Scale is important. Scale gives the sense that there's an actual war going on, and if scale can be well established the player should be reminded that thousands of soldiers are fighting and bleeding and dying for their cause. It's morally simple to have six loyal friends follow you around beating up goblins and orcs. It's a lot more complex to be leading an army, especially when that army is made up of people with their own ideas and values and families and livelihoods. Now it's about responsibility, not personal sacrifice - about what you're asking your soldiers to do, not just what you yourself are willing to do.

Politics, Agency and Consequence
One of the games I neglected to add to the list was Victoria 2, primarily because it's not fantasy. But Victoria 2 does have an aspect that's relevant to this: the idea of population politics. Individuals in a nation have ideologies, separated by class and region. Setting policies will appease or anger ideologies, and choices made during the game will shift people's ideology from one side to another. Making a powerful group angry can result in a rebellion that has to be put down, oftentimes during a crucial moment in a different war.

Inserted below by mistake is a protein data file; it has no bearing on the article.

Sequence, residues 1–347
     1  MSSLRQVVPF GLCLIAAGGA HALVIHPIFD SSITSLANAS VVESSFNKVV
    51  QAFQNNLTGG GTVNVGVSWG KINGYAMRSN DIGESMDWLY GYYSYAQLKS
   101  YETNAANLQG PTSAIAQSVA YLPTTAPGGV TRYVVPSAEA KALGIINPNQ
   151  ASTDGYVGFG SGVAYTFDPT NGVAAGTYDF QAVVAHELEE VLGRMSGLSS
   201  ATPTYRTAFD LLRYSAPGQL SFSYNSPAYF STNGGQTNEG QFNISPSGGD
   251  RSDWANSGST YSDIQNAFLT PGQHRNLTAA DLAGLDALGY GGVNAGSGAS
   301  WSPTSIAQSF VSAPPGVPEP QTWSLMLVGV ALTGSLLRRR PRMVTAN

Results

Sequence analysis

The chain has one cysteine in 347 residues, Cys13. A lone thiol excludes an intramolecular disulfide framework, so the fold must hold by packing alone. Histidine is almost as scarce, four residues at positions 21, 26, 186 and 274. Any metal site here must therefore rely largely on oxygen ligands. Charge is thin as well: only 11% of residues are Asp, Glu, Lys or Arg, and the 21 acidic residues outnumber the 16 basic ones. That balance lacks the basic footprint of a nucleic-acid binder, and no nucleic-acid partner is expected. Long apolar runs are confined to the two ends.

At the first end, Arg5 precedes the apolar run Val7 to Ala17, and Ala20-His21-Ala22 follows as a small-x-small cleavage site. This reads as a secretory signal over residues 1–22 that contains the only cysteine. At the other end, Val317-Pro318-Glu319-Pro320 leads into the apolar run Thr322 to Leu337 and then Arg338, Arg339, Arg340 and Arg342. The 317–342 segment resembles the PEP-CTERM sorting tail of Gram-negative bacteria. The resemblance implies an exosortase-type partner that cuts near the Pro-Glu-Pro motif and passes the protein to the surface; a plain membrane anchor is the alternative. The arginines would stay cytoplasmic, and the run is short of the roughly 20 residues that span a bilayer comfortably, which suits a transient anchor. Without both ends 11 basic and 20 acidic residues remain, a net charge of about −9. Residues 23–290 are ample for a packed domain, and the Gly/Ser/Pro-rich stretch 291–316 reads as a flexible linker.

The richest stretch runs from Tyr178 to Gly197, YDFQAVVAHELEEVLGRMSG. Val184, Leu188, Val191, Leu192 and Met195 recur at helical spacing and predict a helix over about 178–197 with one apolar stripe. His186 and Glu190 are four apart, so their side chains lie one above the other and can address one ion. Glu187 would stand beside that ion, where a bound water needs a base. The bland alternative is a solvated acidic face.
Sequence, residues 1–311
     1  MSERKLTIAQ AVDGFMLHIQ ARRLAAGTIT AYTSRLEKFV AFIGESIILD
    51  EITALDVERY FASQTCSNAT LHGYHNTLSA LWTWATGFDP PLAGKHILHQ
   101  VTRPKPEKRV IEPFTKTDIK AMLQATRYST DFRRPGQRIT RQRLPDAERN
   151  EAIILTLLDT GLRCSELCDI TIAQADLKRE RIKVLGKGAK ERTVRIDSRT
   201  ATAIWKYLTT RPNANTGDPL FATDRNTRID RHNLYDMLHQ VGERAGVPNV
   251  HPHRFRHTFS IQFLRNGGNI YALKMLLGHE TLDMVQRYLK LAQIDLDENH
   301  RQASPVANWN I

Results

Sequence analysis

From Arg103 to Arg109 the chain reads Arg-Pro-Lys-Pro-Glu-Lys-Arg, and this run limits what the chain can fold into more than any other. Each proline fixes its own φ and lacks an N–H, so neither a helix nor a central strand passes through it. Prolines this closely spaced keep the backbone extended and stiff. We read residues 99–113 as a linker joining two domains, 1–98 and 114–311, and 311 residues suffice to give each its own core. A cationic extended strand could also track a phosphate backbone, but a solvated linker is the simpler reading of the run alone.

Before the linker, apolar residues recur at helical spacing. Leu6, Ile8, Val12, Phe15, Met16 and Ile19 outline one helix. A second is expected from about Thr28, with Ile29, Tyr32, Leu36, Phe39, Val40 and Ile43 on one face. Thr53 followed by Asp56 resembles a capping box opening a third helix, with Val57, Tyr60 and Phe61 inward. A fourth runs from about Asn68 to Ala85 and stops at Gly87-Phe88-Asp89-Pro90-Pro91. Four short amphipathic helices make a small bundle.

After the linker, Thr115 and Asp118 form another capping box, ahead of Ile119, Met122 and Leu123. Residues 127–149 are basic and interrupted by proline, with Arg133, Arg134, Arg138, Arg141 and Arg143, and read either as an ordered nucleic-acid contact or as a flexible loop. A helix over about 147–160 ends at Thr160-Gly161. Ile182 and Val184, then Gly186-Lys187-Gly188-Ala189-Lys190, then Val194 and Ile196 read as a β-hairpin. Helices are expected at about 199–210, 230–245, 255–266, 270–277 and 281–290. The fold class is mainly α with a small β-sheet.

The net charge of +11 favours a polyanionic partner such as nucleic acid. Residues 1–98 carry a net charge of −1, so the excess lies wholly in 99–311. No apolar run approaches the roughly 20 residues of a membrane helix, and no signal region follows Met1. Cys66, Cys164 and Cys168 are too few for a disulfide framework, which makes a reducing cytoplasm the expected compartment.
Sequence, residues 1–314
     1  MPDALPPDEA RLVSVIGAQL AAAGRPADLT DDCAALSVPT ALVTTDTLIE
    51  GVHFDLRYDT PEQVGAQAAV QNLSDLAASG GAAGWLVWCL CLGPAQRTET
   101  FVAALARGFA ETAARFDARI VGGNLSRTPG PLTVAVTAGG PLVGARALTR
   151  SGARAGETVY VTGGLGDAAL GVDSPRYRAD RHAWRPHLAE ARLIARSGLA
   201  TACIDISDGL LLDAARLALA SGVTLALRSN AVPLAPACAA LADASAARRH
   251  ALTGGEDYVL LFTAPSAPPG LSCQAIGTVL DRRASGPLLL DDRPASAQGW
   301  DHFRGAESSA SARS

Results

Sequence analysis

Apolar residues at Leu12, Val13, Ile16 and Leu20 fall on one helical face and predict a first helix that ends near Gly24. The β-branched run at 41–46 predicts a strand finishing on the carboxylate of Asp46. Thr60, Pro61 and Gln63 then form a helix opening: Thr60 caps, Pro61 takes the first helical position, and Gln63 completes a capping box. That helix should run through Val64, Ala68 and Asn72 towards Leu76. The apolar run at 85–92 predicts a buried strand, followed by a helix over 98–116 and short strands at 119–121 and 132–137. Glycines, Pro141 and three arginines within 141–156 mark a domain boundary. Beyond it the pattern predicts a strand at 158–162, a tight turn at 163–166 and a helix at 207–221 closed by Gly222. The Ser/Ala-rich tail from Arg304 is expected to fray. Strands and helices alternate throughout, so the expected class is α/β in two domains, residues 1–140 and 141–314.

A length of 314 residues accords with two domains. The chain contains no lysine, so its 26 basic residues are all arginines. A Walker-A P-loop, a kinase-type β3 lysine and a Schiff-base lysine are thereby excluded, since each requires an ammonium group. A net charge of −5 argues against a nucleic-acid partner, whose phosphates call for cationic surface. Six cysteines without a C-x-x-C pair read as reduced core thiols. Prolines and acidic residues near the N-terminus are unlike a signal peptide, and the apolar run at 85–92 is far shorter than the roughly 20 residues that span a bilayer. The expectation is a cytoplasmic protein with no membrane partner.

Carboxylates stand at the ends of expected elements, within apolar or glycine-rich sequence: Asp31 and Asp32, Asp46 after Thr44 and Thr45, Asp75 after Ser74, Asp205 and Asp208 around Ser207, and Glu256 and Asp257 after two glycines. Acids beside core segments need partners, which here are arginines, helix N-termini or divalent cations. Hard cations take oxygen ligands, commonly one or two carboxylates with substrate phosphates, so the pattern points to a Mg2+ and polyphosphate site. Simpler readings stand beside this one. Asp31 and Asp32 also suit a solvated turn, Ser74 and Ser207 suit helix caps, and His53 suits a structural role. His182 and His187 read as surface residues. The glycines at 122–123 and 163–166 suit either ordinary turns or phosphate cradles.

Now let's frame this in the concept of a single rebellion or war. Where do your troops come from? Who are your allies? Who's supplying you? Can you make every potential ally happy or would they have contradictory goals? Say you raised most of your troops as volunteers in the name of freedom. Would they be happy if you had to make concessions to an authoritarian faction in order to avoid war? Would they understand? The idea of actually having to manage morale as the end result of people's desires and values and wishes helps to create a sense of agency for all the troops you command. They're not mindless slaves. They're not chattel. They're not going to stay with you for no reason. These are people who have entrusted their LIVES to you for the sake of one cause or another. Similarly, there are many powerful figures in a kingdom - dukes, barons, counts. Are these nobles going to help you or your enemy? It will depend on your personality and your goals. The common people might flock to your banner if you promise to improve their rights, but can you afford to anger the noble class? Choices have systematic, long-term consequences because they reflect how the world perceives you and how they respond to you.